Ferdinand Lacina

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Ferdinand Lacina
Ferdinand Lacina.jpg
Minister of Finance
In office
16 June 1986 – 6 April 1995
Prime MinisterFranz Vranitzky
Preceded byFranz Vranitzky
Succeeded byAndreas Staribacher
Personal details
Born (1942-12-31) 31 December 1942 (age 76)[1]
Political partySocial Democratic Party of Austria
Alma materVienna University of Economics and Business[1]

Ferdinand Lacina (born 31 December 1942)[1] is an Austrian politician. He served as finance minister from 1986 to 1995.

Early life[edit]

Lacina was among the leading figures of the antifascist student movement of the 1960s.[2]


Lacina is a member of the Social Democratic Party of Austria.[3] He served as minister of transport and nationalized industries.[4] On 16 June 1986 he was appointed finance minister, replacing Franz Vranitzky in the post.[3][4] Franz Vranitzky led the cabinet in which Lacina was appointed.[5] Lacina successfully reduced the federal deficit to 3.2% in 1994 following a long period of consolidation.[4] Lacina's tenure lasted until 6 April 1995 when he resigned from office.[5] Andreas Staribacher succeeded him in the post.[3]

Following the retirement from politics Lacina was named the general director of the GiroCredit Bank.[6] He was also a member of Bank Medici's supervisory board.[7] Lacina is the president of the Austrian Marshall Plan Foundation.[8]


  1. ^ a b c "Who is who in the Austrian Parliament". Dipl.-Kfm. Ferdinand Lacina (in German). Republic of Austria. Retrieved 11 January 2016.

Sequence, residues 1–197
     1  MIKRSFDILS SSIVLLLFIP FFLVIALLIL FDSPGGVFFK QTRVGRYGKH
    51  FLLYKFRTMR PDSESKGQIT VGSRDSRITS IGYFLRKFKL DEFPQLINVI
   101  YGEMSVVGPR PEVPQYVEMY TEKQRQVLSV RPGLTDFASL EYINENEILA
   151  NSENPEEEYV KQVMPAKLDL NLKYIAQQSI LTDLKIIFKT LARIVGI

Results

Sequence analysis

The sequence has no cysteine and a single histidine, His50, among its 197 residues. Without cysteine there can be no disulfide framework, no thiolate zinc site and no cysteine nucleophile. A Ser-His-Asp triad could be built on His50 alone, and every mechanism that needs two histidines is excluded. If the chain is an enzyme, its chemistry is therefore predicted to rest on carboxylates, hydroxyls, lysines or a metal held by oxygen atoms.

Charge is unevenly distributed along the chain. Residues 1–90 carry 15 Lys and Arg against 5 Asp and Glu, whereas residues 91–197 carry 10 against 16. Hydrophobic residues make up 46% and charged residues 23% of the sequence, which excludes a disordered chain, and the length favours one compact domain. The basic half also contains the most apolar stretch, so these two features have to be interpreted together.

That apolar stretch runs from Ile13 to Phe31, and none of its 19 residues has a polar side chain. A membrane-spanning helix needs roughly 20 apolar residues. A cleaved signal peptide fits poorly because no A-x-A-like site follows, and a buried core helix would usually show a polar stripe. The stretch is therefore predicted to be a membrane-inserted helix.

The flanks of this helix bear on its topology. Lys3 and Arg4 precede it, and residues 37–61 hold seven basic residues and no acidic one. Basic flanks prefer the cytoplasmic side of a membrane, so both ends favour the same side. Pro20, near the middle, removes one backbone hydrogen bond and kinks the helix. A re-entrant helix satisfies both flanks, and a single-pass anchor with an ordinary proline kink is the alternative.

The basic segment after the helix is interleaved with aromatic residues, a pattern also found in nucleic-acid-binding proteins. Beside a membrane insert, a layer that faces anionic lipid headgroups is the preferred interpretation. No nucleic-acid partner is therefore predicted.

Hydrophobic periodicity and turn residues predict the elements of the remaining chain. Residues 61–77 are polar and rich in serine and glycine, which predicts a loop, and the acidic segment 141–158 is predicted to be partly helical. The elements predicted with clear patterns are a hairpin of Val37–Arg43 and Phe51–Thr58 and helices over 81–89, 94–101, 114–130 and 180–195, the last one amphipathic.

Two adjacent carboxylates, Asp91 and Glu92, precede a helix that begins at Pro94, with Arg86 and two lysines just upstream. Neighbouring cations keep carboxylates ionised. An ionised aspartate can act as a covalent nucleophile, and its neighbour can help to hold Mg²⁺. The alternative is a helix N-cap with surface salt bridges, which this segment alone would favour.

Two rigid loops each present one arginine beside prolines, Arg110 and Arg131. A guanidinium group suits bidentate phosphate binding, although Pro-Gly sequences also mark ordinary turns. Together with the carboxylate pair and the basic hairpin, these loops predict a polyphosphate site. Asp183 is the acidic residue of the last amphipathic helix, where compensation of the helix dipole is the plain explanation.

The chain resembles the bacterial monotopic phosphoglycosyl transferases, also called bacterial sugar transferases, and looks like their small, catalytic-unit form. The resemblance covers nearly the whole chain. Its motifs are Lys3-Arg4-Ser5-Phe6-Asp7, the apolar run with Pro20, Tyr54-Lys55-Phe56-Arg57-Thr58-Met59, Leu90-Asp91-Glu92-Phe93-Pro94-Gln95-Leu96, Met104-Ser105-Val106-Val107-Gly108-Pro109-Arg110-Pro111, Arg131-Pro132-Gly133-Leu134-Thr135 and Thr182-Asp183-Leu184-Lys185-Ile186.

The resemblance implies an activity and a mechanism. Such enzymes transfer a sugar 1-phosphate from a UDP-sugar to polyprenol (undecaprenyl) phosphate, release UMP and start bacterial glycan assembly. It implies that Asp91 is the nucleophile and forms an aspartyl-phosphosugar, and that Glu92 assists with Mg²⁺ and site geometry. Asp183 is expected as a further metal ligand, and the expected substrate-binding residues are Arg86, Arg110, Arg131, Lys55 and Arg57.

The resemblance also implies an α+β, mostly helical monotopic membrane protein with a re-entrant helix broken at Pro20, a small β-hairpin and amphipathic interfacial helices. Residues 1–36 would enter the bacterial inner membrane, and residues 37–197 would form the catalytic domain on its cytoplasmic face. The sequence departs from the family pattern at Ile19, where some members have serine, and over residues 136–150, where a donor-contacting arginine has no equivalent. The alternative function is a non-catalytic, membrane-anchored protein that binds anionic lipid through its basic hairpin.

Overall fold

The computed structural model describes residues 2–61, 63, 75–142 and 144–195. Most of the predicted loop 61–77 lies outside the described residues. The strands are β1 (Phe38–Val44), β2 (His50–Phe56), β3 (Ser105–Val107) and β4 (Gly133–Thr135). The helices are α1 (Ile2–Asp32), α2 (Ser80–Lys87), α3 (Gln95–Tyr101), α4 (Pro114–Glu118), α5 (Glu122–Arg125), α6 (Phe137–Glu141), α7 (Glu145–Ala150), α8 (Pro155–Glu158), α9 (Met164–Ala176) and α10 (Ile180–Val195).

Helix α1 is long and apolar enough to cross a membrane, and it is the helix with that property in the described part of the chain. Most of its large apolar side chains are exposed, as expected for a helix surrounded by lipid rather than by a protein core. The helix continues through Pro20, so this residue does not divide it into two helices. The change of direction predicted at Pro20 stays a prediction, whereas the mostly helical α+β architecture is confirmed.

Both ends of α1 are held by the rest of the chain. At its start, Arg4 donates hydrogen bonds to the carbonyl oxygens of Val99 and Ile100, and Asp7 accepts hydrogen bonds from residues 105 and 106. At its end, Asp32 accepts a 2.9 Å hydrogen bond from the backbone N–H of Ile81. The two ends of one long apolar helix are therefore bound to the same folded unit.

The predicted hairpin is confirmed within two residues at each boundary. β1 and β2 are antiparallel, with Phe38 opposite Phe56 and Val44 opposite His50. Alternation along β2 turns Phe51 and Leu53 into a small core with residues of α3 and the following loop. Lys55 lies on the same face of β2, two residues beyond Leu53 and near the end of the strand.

2. ^ Matti Bunzi (2004). Symptoms of Modernity: Jews and Queers in Late-Twentieth-Century Vienna. Berkeley, CA: University of California Press. Retrieved 20 October 2013. – via Questia (subscription required)
  3. ^ a b c "Austrian ministries". Rulers. Retrieved 20 October 2013.
  4. ^ a b c Günter Bischof; Anton Pelinka; Ferdinand Karlhofer (1 January 1999). The Vranitzky Era in Austria. Transaction Publishers. p. 151. ISBN 978-1-4128-4113-9. Retrieved 20 October 2013.
  5. ^ a b "Austrian finance minister resigns". Associated Press. 29 March 1995. Retrieved 20 October 2013.
  6. ^ "About the workshop" (PDF). University of Vienna. 2003. Retrieved 20 October 2013.
  7. ^ Nelson D. Schwartz; Julia Werdigier (17 January 2009). "From behind the curtain, Madoff drew in victims Lawsuit sheds light on network of agents". International Herald Tribune. Archived from the original on 5 November 2013. Retrieved 20 October 2013. – via Highbeam (subscription required)
  8. ^ "New initiative on Central Europe created at JHU SAIS". States News Service. 10 December 2009. Archived from the original on 5 November 2013. Retrieved 20 October 2013. – via Highbeam (subscription required)